The only pitfall for me was the too-much information about Parsi community and rituals in between. Such elaboration, at times, made me to simply skim through certain paragraphs. And that’s the only reason for marking the book a 4 starer 4 out of 5 than a 5.

There’s only one way to defeat the sorrow and sadness of life – with laughter and rejoicing. Bring out the good dishes, put on your good clothes, no sense hoarding them.
Rohinton Mistry (Family Matters)

Have you read any of these? If yes, I’d love to hear your experience in the comments section!


No credit for the Images used
Copyright © 2017 by Idle Muser. All rights reserved.





12 Comments Add yours

  1. Little Women, I loved Part 1 🙂 Jane Eyre is a favorite too!

    Liked by 1 person

    1. Idle Muser says:

      Jane Eyre is one of my favorite classics; it is a whole package of various kinds of emotions- pain, solace, wonder, suspense, horror, hope, everything.
      Little Women- it is a darling too. But the edition I read from, it wasn’t divided into any parts, as far as I can remember.🤔
      And I went through your blog. For the first time in a year of my blogging did I come across a blog solely dedicated to one single book. There are plenty on books, dedicated to reviews on various books, but yours is certainly different. ‘Little Women’ is definitely the book you live for.😁

      Liked by 1 person

      1. Thanks for stopping by! Yes initially Little Women was published in two parts – the first part ended with Meg’s engagement to John Brooke and Mr March being home. Then the second part Good Wives starts with everyone being a few years older and Meg about to get married. There aren’t very many editions around that have the two separately – when I was a teen that happened to be the one I read, and I didn’t actually know about part 2 until years later 🙂

        Liked by 1 person

  2. TAJWAR FATMA says:

    I haven’t read any of these, but after going through your reviews, I’m getting one soon. Btw I love Jhumpa Lahiri ♡

    Liked by 1 person

    1. Idle Muser says:

      Oh yes yes! You should. In fact, if you haven’t, read Jane Eyre before Little Women; both are entirely different.
      Jhumpa Lahiri is all heart.🙏 Though, Rohinton Mistry’s work also has same kind of rippling effect as Lahiri’s. But Lahiri is still ‘the’ one for me.😊


  3. prashantt says:

    I’ve only read The Namesake from Jhumpa Lahiri and i found it far better than the books i used to read as there is a huge difference of art of storytelling & ofcourse the kind of writing style.
    I’ll keep these books for future reads because without any strictness you’ve spend 5 star & 4 star to these books although these books seems to be different from the genre i prefer to read( i don’t know whether you’ll give any star to them)😜

    Liked by 1 person

    1. Idle Muser says:

      Oh! I soon will devor Lahiri’s novels. Haven’t got a chance yet.
      You know why I love her work?- Probably because of the simplicity; there hardly will ever be any element of suspense (even you’re anticipating some discloser at the end, you might feel betrayed as there won’t be any); yet I can’t get enough of her stories. You will read about all and any kind of relationship and the depth of each action; actions that might seem subtle from outside are actually subtle deep within too, sometimes. Her stories make me live a character or a scene or a story for days.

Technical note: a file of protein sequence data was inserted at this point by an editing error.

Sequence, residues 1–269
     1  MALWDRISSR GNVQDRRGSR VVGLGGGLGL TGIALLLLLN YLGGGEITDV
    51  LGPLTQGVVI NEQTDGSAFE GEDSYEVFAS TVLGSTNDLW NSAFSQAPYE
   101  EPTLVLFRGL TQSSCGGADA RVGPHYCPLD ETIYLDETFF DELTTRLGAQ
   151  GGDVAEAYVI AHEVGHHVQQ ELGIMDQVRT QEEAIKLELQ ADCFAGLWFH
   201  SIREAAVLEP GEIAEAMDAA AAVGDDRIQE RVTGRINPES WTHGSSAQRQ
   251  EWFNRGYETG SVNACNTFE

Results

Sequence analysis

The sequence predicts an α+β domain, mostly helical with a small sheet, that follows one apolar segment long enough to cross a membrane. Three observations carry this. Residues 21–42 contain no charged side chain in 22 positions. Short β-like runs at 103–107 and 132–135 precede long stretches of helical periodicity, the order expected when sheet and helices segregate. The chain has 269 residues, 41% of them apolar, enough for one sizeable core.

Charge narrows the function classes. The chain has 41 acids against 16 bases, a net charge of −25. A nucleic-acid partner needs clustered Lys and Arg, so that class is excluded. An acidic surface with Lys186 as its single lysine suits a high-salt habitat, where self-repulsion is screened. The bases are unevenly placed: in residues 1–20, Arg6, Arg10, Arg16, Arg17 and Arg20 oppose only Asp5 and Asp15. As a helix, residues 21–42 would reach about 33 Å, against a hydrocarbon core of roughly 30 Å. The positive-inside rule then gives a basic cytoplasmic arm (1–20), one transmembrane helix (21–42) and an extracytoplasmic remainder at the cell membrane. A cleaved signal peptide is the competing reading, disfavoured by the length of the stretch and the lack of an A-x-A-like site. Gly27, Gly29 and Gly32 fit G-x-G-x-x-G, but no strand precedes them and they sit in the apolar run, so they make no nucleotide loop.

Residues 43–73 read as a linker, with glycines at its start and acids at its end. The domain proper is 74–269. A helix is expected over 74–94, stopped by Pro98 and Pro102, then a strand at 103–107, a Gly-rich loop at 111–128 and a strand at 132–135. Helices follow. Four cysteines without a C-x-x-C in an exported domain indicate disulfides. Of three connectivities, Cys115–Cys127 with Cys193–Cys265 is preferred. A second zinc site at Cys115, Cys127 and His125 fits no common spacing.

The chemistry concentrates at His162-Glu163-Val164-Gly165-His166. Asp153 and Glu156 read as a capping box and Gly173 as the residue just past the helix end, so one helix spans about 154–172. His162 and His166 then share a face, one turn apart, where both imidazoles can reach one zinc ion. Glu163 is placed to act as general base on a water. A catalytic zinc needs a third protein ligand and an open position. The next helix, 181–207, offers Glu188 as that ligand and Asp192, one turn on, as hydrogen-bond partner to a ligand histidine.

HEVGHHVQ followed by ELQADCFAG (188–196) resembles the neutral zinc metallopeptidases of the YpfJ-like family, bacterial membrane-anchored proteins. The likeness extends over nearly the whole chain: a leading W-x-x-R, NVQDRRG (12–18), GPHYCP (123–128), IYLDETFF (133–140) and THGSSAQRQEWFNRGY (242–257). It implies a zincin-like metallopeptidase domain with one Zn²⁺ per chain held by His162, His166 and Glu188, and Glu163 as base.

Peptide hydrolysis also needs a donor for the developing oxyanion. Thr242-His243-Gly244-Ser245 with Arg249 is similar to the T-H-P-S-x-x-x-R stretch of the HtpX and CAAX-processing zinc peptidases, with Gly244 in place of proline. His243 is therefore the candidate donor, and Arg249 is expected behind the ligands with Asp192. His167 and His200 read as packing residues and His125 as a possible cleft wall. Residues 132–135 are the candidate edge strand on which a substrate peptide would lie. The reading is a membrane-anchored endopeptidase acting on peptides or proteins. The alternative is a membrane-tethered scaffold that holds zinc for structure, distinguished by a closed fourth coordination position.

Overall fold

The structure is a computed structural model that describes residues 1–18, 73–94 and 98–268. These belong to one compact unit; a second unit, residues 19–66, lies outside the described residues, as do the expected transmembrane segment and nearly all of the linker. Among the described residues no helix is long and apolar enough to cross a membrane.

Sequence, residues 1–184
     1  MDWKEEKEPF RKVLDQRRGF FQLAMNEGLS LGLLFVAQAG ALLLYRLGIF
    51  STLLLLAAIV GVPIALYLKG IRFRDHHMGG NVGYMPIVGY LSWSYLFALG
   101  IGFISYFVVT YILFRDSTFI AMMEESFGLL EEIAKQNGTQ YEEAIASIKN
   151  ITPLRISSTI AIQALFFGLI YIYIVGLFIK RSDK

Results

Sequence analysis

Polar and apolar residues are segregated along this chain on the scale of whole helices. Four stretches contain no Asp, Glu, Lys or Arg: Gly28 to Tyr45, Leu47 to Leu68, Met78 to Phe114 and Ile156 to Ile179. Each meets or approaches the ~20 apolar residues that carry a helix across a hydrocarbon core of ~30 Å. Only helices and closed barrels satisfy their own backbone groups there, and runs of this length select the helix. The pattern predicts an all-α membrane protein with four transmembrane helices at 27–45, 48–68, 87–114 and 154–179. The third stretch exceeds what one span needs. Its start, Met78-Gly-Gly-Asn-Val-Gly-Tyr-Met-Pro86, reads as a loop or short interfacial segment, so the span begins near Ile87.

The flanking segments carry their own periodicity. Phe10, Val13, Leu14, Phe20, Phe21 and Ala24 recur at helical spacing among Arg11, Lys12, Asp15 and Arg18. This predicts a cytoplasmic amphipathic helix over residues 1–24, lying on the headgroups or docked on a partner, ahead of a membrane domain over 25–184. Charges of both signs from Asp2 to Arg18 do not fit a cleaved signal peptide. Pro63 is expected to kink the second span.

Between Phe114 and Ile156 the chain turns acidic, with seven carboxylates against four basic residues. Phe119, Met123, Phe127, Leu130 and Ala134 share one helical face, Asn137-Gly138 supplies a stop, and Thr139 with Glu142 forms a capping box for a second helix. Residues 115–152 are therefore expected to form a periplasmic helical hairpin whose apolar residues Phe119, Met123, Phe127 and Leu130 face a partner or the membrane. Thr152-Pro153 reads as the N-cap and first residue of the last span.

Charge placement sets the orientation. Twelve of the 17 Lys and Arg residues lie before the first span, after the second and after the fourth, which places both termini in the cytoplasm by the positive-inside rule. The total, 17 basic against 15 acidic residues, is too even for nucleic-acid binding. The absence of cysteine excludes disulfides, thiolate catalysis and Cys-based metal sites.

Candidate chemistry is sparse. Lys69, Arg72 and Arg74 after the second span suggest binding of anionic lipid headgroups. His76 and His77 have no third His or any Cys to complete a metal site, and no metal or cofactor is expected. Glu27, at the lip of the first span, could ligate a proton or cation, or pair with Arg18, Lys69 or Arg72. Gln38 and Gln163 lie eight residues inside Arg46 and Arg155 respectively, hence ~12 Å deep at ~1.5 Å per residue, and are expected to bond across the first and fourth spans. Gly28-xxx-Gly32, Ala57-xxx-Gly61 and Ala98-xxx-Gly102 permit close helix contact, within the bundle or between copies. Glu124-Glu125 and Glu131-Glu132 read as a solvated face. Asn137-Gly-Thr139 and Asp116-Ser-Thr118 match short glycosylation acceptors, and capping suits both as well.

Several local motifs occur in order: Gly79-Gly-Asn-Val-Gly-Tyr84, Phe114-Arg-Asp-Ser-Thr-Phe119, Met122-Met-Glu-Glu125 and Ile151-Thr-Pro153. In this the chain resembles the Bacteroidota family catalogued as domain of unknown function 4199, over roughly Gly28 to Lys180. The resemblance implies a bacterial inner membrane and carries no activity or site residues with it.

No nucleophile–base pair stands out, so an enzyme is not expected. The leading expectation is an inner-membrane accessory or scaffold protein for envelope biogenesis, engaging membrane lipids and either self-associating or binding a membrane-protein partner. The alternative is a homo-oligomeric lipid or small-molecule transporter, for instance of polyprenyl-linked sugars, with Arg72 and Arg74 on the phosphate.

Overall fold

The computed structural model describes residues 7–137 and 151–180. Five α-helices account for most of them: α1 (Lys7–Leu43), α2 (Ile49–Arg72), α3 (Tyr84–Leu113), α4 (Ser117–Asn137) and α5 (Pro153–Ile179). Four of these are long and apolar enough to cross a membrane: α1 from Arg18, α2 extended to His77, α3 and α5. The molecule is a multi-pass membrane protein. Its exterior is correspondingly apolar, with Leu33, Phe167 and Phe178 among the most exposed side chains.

Definitely. Try reading them. You might or might not like them but you won’t know unless you read.☺️
      And I do read romance genre too, Prashantt. I’ve nothing against them.😄

      Liked by 1 person

      1. prashantt says:

        Some writers have magic in pen that gives not a story but a experience, and Lahiri’s books are among them
        I will definately go for it & will come back to you after reading it.
        For now i’ll be looking forward to your next short story as i found such connect with them.
        Haha..i was just joking around, hope you didn’t mind atleast some stories will get 5 star now😅😅
        Keep writing!

        Liked by 1 person

        1. Idle Muser says:

          I have become quite irregular here now; time to buck myself up. I have to. Monday will come up with a new write-up.🙂


  4. bloggeray says:

    I’ve read none of these. But all the three sound interesting. And great reviews as well.
    I’d like to read Jhumpa Lahiri some day. I had a chance to read The Namesake but somehow missed it.
    One suggestion. Why don’t you post individual, detailed reviews for each of these?

    Liked by 1 person

    1. Idle Muser says:

      If I will say this one more time I might sound like an obsessed freak but just one more time- Lahiri is all heart and I look up to her!🙏
      Though I haven’t read any of her novel yet only the short-stories but I do feel positive about her longer works too.

      Actually, this post wasn’t supposed to be even a blogpost. I mean these were the reviews that I had written for Goodreads and then, out of somewhere and nowhere, the idea of zipping them in a post stuck me, and I did that.😄
      Posting detailed reviews (like yours) is something I haven’t planned of but will surely consider your suggestion.🙂

      Liked by 1 person

      1. bloggeray says:

        I guess I should read her too, sooner rather than later.

        That sounds interesting, posting on Goodreads. And yes, it is indeed a good idea to zip different reviews in a post here. You could also try linking each to your Goodreads page.

        I post the full text of my blog reviews on Goodreads. Never occurred to me that I should write a shorter, separate version for that.
        Give detailed reviews on blog a try. You might start enjoying doing them. 😊

        Liked by 1 person